Illinois Democracy School group works toward making a difference in civic learning

ACHS is working to renew their status as an Illinois Democracy School. A group of students and staff gather before school to evaluate how the school is doing and draft plans to improve student education and voices.

Student+Democracy+member%2C+Nate+Knoll+listens+raptly+as+students+discuss+student+statistics+on+creating+a+more+democratic+environment.

Ashley Lubkeman

Student Democracy member, Nate Knoll listens raptly as students discuss student statistics on creating a more democratic environment.

Illinois Democracy School is a state-wide program that strives to improve the quality of civic learning, which is teaching young people about their roles and responsibilities within a democratic political system. Antioch Community High School earned the Democracy School title back in 2015 because of its demonstration of incorporating strong civic education and opportunities for students. Every five years, a group of students and staff who are passionate about democratic processes gather to review data on the school’s performance and set goals for improving the 11 pillars of the learning experience and organizational culture. 

Social Studies Department Chair Anne Eichman plays a big role in leading this process. After reviewing the goals set in 2015, the group reflected on what has changed and decided to set new goals for the next five years. 

“The team has identified service learning, extracurricular activities and the opportunity to learn foundational civic knowledge as some of our strengths,” Eichman said. “Student voice, service-learning and controversial issues are the three areas [we are working to improve].”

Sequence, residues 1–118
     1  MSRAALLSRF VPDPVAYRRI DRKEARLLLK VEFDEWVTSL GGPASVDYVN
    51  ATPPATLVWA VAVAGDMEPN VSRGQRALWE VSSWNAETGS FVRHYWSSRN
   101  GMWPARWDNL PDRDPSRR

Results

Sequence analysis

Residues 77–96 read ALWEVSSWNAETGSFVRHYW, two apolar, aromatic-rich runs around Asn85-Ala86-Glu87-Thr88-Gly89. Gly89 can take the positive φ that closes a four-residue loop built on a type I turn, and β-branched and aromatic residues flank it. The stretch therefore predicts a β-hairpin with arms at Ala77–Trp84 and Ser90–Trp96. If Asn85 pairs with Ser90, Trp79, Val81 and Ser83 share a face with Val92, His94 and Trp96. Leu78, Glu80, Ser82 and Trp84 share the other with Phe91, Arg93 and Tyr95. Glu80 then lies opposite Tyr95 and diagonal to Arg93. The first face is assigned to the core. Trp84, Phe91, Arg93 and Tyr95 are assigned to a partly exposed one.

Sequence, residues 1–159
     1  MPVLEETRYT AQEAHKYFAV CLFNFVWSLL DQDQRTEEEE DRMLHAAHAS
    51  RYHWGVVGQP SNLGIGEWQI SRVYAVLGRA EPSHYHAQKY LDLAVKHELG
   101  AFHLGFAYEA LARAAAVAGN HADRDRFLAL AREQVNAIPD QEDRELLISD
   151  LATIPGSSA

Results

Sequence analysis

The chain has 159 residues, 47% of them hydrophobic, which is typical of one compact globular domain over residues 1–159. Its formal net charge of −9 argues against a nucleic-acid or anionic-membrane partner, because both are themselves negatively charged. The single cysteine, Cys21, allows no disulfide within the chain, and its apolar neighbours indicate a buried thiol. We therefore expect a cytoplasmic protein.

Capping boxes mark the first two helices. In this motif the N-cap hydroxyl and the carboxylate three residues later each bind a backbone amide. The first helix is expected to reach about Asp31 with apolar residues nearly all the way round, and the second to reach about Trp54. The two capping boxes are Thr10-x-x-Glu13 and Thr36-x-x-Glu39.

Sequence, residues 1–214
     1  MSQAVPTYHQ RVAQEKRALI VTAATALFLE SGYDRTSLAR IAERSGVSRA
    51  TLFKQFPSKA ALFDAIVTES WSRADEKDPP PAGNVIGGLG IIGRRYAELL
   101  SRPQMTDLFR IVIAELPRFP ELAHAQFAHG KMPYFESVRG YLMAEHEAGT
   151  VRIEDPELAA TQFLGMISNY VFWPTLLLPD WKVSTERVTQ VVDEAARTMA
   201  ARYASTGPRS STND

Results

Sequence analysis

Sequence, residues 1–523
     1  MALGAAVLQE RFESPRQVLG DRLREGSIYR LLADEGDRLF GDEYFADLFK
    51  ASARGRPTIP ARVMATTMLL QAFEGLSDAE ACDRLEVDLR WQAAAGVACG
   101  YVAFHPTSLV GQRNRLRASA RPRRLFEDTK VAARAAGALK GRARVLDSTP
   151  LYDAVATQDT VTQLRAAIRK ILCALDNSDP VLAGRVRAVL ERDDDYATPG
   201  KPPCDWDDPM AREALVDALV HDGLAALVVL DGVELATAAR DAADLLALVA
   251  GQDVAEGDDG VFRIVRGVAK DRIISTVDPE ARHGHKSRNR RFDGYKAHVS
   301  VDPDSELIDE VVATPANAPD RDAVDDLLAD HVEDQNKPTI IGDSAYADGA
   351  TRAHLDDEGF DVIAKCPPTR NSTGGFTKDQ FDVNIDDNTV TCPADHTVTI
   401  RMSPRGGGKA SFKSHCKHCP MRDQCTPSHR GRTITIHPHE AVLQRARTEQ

Service-learning in particular was identified as a strength, but it is also something the group would like to see be taken even further. While the group recognizes Antioch’s success in extracurricular involvement and student learning, they also see room for improvement in giving students a voice and empowering them to have meaningful conversations with peers on current issues. 

“We have to be able to reconcile our different beliefs peacefully and civilly,” senior Nathan Knoll said. 

Not only is Knoll focused on teaching students how to be respectful when talking about controversial topics, he also thinks students should learn how to use their voice when it comes to discussing topics that are important to them. One of the biggest flaws he sees in the education system as a whole is the lack of teaching students how important their voice is. Other schools have worked to combat this problem by creating a council where students gather and have a say-so in school decision-making. 

“I feel like if we enshrined our students with [this] responsibility, they might start to value their role in the school a little bit more,” Knoll said. “Students also need to give feedback, and there has to be some sort of an exchange. It can’t just all be one way [when it comes to making decisions that impact students].”

Junior Justin Pedersen also views student involvement in political processes as one of the biggest areas of focus. To him, continuing the growth of civic learning is a way to foster a more tolerant student body. 

“Once we all are able to use our voices, change is primed to happen,” Pedersen said. 

Eichman is thankful for the student leaders Nathan Knoll, Justin Pedersen and Arianna Guerra, as well as staff Emma Craig, Allison Herrmann, Meghan McDonnell, Rebecca Muff, Jaclyn Orlov, Helene Schulze and Madelynn Soberano who are working to renew, maintain and improve ACHS’ Democracy School status.